Gamers who spend any time on Twitch or Reddit will doubtless have seen some gameplay of Among Us, or at least encountered the memes spreading throughout various subreddits. It’s one of the biggest, and certainly most recent examples of a game being able to thrive due to word of mouth and going viral on the internet rather than through a big marketing budget.

For those who are out of the loop, or who are wondering where a bunch of memes involving spacemen and “(insert X colour) is sus” are coming from, Among Us is a a multiplayer survival game that has recently exploded in popularity. Up to 10 players are attempting to carry out tasks across the map, whilst one of the players is secretly an imposter who is trying to kill the other crewmates without being detected. The imposter has some tools to remain hidden, and the crewmates also have some abilities in order to help find the imposter. Players can vote on who they think is the hidden threat and eject them from the map, but various claims and counterclaims can draw suspicion on innocent crew members, adding a deception aspect to the title. It’s a similar format to games involving an informed minority, such as One Night, Werewolf, Mafia or Town of Salem.

The most notable part of the games’ success is how recently it has seen a boost in sales, despite the fact it was released in 2018. The developers have announced that a planned sequel was cancelled in order to fix existing issues and expand the current game. According to the below Twitchtracker chart, the game went from having an average of 171 concurrent viewers on Twitch, up to 5.6k in July, and reaching over 200k in September. A number of big named streamers have been seen playing the game, and the nature of the title allows for collaborations and party games between the streaming service’s big hitters.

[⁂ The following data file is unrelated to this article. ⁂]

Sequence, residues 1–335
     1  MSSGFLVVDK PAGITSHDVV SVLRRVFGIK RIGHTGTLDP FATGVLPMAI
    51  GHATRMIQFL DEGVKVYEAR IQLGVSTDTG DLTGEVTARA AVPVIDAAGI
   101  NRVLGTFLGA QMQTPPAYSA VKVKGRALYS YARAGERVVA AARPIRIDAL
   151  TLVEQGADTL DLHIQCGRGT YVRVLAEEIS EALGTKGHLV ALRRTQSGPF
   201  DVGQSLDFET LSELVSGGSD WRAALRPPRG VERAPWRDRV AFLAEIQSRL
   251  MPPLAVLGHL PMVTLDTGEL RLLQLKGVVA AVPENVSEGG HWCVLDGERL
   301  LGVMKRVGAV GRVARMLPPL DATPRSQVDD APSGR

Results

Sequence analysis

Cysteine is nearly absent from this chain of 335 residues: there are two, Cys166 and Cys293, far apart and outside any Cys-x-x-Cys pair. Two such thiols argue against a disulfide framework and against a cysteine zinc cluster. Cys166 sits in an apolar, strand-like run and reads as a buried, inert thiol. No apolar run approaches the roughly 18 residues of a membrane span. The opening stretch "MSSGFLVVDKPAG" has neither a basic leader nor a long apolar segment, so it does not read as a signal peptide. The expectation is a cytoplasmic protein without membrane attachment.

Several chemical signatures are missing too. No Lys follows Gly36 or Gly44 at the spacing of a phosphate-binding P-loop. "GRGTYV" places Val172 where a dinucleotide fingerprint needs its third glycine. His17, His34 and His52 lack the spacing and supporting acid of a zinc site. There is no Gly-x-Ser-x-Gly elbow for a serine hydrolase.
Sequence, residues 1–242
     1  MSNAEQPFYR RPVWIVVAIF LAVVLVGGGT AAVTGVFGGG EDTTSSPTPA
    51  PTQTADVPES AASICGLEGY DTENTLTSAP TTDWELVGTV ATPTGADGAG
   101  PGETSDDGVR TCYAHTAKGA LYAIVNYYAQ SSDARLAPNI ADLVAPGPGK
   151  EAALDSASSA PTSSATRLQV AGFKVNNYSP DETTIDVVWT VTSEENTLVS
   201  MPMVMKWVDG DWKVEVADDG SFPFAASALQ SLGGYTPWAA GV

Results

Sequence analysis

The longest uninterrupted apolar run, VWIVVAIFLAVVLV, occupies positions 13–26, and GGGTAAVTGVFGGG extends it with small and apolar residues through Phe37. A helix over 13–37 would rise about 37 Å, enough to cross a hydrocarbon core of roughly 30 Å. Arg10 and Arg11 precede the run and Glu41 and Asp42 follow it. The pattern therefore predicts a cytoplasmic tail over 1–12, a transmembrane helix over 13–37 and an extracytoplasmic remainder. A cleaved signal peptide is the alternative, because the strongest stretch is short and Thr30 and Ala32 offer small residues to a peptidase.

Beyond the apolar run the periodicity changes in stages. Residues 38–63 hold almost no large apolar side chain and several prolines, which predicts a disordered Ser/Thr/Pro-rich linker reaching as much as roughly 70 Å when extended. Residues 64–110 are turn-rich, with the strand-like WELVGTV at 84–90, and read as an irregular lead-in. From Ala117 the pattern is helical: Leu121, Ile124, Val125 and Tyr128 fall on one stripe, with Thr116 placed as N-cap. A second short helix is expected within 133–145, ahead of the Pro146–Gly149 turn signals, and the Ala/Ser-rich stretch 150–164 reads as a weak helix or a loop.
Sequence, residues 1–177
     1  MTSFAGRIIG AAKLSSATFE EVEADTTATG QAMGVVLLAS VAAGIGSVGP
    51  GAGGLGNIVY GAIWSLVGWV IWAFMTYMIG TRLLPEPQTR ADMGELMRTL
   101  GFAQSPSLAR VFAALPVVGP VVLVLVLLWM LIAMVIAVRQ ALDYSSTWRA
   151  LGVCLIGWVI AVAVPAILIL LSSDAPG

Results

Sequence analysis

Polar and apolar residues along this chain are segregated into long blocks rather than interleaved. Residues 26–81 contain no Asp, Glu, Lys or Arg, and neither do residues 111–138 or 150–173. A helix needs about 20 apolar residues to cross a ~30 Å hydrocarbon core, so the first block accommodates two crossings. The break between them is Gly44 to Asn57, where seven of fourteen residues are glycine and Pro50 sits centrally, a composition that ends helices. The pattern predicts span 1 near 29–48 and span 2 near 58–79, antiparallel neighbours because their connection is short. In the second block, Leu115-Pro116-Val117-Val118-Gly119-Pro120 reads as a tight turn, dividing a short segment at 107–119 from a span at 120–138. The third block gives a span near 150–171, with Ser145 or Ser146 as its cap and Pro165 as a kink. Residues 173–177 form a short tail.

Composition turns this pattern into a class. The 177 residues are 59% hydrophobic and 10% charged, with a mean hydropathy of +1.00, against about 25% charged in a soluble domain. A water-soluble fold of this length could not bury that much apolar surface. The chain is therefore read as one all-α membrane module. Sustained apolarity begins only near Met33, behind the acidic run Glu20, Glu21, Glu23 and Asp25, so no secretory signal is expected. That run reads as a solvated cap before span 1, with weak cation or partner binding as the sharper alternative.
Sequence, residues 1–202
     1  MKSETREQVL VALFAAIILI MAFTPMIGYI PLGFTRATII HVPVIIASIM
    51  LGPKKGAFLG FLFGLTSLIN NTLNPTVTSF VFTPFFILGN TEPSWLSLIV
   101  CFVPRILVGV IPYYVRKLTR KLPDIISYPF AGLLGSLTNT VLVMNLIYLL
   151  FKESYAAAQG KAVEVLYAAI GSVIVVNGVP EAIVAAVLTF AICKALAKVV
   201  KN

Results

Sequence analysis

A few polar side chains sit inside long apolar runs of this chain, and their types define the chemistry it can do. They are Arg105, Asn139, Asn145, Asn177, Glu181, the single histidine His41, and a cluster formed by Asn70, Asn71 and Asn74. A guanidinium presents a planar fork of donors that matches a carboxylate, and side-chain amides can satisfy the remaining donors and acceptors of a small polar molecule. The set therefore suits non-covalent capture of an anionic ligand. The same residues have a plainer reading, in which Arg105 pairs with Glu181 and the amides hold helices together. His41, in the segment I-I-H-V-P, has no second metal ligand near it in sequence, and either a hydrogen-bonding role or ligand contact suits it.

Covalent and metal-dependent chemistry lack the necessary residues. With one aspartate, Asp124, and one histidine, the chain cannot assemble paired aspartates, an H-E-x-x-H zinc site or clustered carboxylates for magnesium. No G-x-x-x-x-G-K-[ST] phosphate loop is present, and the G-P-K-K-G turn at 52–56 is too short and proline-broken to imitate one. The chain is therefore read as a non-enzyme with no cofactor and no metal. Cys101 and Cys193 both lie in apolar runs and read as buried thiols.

Twitch viewership does not necessarily translate into purchases, but in Among Us’ case, it seems to have worked. The game sits at the top of the Steam Top Sellers page, and by looking at Steamcharts, we see a similar uptrend in sales as we do with Twitch viewership, in part due to the game’s low pricetag and system requirements.

It’s not only great to see an indie game have sudden success, but also that it came as a result of gamers spreading the word to other gamers. Under the right circumstances, platforms such as Twitch or Youtube can generate the right buzz to make a success of titles that would otherwise be forgotten or overlooked.